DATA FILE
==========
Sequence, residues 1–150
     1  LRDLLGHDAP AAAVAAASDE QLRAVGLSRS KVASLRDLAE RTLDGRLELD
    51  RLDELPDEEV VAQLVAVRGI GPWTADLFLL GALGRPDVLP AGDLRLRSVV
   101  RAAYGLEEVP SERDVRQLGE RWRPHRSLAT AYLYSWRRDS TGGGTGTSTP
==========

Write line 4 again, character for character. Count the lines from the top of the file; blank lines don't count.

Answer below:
   101  RAAYGLEEVP SERDVRQLGE RWRPHRSLAT AYLYSWRRDS TGGGTGTSTP